Presidential Advisers - The nineteenth-century experience



Two periods of intense involvement in foreign affairs have marked the history of the United States: the nation-forming period, when the new Republic sought to register its independence while the world was being shaken by the mortal conflict of the great powers of the time, France and Great Britain; and the period beginning with World War II, when the United States itself became the world's greatest power. A more striking contrast between two eras could scarcely be imagined, though the simple substitution of the roles of all the powers involved is a start.

In addition to the irrelevance of affairs out-side of North America to the growth of the United States during the nineteenth century, those who would probe the sources of national action are faced with another problem: how to detect and analyze possible connections between domestic influences and foreign policy actions. It is probably safe to say of this period, however, that presidents generally felt little need of advice on foreign affairs except from their secretaries of state, and sometimes not even from them.

Some presidents, such as James Madison, acted as their own foreign ministers. Deprived by Senate hostility of his first choice for secretary of state, the able Albert Gallatin, Madison was forced to appoint the incompetent Robert Smith and for a time even found it necessary to rewrite Smith's dispatches. Historians still debate the influence on Madison in 1812 of such war hawks as Henry Clay, John C. Calhoun, and Felix Grundy; but Madison's most perceptive and thorough biographer, Irving Brant, believes that the president reached his own decisions.

President James Monroe, who had been secretary of state under Madison, relied almost exclusively on Secretary of State John Quincy Adams, except for the president's questions to his Virginia friends and predecessors, Jefferson and Madison, during the formulation of what became the Monroe Doctrine. Indeed, Adams, generally recognized as the greatest of all American secretaries of state, was responsible for the two major foreign policy achievements of the Monroe administration. It was Adams who negotiated the Transcontinental Treaty of 1819 (Adams-Onís Treaty) by which the United States not only acquired Florida but also laid claim to the Oregon territory. And it was Adams who persuaded the president and the cabinet to reject a British offer and instead have the United States alone declare itself the protector of the New World against European interference, and thus was responsible for the doctrine that bore Monroe's name.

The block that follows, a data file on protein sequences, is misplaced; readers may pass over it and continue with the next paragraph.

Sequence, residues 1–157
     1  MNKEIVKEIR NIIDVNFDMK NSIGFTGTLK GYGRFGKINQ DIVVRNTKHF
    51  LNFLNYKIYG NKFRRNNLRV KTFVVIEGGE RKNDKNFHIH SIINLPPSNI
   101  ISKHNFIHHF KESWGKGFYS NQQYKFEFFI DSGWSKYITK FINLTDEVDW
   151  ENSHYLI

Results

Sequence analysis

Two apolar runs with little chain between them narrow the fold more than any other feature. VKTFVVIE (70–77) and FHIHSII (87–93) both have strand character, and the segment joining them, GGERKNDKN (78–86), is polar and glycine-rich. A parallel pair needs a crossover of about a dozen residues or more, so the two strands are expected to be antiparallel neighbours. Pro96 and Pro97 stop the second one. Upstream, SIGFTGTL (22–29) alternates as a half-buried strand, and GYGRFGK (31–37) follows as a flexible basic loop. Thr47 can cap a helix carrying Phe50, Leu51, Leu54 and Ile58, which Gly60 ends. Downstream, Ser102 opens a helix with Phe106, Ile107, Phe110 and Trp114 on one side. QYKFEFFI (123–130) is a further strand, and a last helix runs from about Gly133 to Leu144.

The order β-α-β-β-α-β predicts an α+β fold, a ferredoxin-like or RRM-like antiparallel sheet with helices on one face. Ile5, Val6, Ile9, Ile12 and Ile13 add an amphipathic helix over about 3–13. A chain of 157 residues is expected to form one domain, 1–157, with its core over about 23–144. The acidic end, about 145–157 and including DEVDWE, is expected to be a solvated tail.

President James K. Polk evidently had imbibed the elixir of "manifest destiny" long before John O'Sullivan coined the phrase in an editorial in the Democratic Review (1845). The idea of westward expansion was at least as American as the Declaration of Independence—it had been a fact since 1607—but the war with Mexico to advance it was mostly the president's idea. The accusation "Mr. Polk's war" was undoubtedly accurate.

The Civil War marked an end and a beginning to many things in America, but neither an end nor a beginning to expansionism. William H. Seward, secretary of state under Abraham Lincoln and Andrew Johnson, had in the 1840s believed that "our population is destined to roll its resistless waves to the icy barriers of the north, and to encounter oriental civilization on the shores of the Pacific." Thus he welcomed the suggestion that Russia might be willing to sell Alaska. Presented with an opportunity to expand to "the icy barriers of the north," ostensibly to guarantee Alaskan fishing rights and to repay Russian Unionist sympathy during the war, Seward rushed through a treaty to purchase Alaska in 1867.



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